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7 Ways to Increase Your Shopping Cart Conversion Rate

Ecommerce Businesses Must Facilitate Checkout

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Shopping Cart Conversion

Improve Your Shopping Cart Conversion Rate

Photo © pagadesign @ istockphoto.com
Amidst the din of online marketing, it can be difficult to attract customers to your website. Consequently, it is nothing short of a tragedy when a prospect goes through most of the purchase cycle, but stops short of completion. Such incomplete transactions are a thorn in the side of ecommerce.

When a customer discontinues the checkout process midway, it's called "shopping cart abandonment." The higher the incidence of shopping cart abandonment, the lower the shopping cart conversion rate. You can improve your conversion rate in seven easy steps:
  • Do Not Force Customers to Register
    You may be tempted to capture as much customer data as possible. However, many prospects would prefer to abandon you, rather than fill up a long registration form.

    Allow customers to buy without registering. If that is not an option, keep the registration form as simple as possible. Only ask for information that you really need. Make the form less intimidating by hiding the parts of the form that are not required at that point of time.

  • Remove Generic Navigation During Checkout
    To engage customers, ecommerce websites like to provide them with many navigation options -- top menu, sidebars, footer links, search box, and more. Once the customer initiates checkout, it is best to eliminate generic navigation, and only retain links that process the transaction. This will lower the risk of distraction.

  • Build Customer Confidence in the Purchase Process
    If you are an iconic brand such as Amazon.com, customers may not think twice about paying on your site. For the rest of us, it can be a challenge to inspire customers to pay online. Here are three simple measures to boost customer confidence:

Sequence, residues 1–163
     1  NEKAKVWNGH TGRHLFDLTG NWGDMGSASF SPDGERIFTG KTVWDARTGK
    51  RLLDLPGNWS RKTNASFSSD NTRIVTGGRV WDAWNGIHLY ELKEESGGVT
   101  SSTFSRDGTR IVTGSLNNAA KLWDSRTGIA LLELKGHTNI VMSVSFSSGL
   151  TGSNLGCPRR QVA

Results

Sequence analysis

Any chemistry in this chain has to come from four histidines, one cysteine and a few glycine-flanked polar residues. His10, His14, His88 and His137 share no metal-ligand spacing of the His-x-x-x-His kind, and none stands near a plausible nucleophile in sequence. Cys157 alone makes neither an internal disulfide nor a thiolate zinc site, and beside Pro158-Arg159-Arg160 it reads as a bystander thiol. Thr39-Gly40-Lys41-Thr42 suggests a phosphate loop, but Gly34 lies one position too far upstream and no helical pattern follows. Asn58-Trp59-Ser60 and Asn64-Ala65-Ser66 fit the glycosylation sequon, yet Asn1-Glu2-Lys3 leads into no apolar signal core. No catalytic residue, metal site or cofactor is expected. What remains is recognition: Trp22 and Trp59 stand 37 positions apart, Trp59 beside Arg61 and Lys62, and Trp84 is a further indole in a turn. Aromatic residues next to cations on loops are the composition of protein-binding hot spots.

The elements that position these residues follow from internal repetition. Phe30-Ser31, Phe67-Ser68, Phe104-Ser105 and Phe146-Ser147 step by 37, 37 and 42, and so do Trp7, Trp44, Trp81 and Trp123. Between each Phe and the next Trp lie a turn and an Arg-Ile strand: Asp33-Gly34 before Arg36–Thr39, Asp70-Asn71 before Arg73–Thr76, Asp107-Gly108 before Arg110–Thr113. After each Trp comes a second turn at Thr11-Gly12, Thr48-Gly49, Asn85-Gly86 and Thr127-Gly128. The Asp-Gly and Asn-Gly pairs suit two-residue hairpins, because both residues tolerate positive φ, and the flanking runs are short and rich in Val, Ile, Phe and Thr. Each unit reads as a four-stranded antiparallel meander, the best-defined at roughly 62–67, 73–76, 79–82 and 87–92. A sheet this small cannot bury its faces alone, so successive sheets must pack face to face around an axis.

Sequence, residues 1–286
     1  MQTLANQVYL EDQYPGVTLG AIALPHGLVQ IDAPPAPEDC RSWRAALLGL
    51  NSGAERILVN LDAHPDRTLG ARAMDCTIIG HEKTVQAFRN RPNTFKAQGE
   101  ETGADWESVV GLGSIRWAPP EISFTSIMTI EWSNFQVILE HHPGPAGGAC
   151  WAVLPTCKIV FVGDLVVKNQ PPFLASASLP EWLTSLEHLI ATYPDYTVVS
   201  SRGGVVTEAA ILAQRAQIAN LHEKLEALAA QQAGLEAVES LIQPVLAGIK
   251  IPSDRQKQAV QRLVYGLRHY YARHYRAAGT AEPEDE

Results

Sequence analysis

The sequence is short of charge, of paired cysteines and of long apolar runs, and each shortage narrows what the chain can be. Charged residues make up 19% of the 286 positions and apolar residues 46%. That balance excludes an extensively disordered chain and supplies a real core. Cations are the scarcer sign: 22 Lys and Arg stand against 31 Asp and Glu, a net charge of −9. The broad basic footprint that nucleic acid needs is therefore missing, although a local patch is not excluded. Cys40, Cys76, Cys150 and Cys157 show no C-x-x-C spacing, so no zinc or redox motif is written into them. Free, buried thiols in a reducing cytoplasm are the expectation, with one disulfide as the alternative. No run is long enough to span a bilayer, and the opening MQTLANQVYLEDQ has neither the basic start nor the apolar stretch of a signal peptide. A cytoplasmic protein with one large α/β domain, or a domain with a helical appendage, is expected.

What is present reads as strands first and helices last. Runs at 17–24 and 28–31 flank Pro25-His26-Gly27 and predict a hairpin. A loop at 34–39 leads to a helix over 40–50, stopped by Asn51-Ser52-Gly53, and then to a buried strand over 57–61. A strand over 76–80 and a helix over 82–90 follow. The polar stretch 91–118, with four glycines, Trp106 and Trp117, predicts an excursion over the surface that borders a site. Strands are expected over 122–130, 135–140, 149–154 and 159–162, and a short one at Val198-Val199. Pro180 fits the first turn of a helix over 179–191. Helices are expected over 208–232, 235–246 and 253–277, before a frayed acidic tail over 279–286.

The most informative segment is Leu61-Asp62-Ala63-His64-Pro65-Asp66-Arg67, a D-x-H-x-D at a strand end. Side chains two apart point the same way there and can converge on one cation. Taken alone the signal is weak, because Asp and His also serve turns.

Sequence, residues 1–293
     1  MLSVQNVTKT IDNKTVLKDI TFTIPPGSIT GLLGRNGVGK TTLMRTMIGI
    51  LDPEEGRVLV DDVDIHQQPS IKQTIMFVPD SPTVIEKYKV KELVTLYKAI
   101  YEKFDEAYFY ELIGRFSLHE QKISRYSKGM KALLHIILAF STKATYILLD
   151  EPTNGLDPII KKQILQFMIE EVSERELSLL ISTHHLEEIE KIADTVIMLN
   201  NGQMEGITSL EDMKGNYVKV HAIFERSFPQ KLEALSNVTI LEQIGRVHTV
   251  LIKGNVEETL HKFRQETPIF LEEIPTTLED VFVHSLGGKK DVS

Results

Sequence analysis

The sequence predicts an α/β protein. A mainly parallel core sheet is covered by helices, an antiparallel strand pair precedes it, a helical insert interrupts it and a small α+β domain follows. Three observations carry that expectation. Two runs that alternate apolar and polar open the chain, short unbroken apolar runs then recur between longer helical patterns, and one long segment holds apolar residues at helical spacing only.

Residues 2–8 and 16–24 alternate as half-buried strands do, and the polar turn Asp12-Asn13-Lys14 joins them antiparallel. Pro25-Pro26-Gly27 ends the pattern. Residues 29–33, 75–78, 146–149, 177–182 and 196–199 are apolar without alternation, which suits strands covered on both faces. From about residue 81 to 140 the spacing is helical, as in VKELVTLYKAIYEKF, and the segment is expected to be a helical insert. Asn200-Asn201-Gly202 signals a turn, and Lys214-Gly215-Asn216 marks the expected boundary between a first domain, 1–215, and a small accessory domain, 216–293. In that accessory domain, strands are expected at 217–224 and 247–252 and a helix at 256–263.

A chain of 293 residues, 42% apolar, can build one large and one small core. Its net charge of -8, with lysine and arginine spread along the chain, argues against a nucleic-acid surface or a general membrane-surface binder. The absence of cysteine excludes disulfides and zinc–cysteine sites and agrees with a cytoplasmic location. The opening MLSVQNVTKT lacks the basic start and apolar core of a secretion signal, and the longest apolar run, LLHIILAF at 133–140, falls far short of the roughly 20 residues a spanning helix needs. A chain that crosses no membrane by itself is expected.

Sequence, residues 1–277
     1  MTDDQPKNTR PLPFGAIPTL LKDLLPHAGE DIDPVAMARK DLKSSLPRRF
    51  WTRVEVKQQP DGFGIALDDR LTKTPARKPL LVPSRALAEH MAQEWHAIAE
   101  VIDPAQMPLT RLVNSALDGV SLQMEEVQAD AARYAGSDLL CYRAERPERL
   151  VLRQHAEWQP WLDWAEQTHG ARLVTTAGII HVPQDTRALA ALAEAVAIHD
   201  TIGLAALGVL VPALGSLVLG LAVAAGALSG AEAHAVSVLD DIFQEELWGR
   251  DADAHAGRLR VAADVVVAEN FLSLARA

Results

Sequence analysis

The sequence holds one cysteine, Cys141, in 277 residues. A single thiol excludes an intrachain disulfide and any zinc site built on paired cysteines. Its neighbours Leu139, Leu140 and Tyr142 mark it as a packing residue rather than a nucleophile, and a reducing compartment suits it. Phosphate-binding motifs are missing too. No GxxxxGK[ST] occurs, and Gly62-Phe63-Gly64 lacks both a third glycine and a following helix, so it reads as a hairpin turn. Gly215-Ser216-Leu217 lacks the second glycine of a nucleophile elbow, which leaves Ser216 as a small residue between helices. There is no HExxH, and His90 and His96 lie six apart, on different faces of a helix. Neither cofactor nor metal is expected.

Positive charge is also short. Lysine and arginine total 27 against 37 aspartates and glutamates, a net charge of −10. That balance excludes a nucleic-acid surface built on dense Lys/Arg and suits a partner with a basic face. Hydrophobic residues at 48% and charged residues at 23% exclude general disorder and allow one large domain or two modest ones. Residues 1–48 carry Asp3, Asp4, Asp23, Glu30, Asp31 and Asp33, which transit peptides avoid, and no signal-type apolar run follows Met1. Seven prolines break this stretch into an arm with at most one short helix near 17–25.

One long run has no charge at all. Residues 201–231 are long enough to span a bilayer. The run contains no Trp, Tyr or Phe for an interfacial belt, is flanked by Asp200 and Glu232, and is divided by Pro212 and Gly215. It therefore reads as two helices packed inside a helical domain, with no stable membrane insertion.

• Display a Summary of the Customer's Purchase
      Many customers multi-task online. They could easily forget what they have already added to their shopping cart. At the top right corner, display a summary of the purchase at all times. This will make customers feel that they are in control of the purchase process.

    • Display a Progress Indicator
      A progress indicator can reassure customers that each step in the purchase process is taking them closer to completion.

    • Disclose Supplementary Costs Upfront
      Supplementary costs include: shipping, packing, taxes, and the like. Put yourself in the shoes of a customer who chooses goods worth $35, but is eventually asked to pay $47. Wouldn't you feel cheated and abandon the shopping cart?
  • Have a Well-Planned Coupon Strategy
    Many online shoppers are bargain hunters. Discount coupons provide them instant gratification. These shoppers might abandon their shopping cart while they look for a coupon. If you accept coupons, make it easy for customers to find a coupon.

  • Direct the Customer's Actions
    Here are three simple strategies that can positively influence your customer's actions:

    • Have a "Checkout Now" Button
      While some customers may want to browse around, others may be ready to pay right away. If a customer is ready to pay, it is a cardinal sin in the business of ecommerce to delay the collection of that payment.

    • Have the Most Important Action Button Above the Fold
      The most important action button could be the checkout now button. It could also be a "buy now" button, if the customer has not added goods to the shopping cart. Make sure that the button is prominently located above the fold.

    • Reduce the Number of Clicks to Check Out
      Design a single-screen checkout form. If that is not feasible, reduce the number of clicks required to check out. The more the number of clicks you thrust upon a customer, the higher the likelihood of shopping cart abandonment.
  • Up-Sell After the Sale
    The temptation to sell more to a customer is understandable. However, persistent up-selling heightens the risk of losing a customer. It is best to close the sale at hand and up-sell later.

  • Recover the Abandoned Cart
    Despite your best attempts, some customers will abandon the shopping cart. That is not the end of the world. Immediately upon cart abandonment, you can email the customer and encourage her to complete the purchase. If the customer is not registered, you can store the shopping cart information in cookies on the customer's computer. The next time she visits your site, you can prompt her to complete the sale.
Final Words
You will notice a consistent theme in the steps listed above: encourage rapid checkout. However, any changes you make to your website should be set in stone only after rigorous testing.

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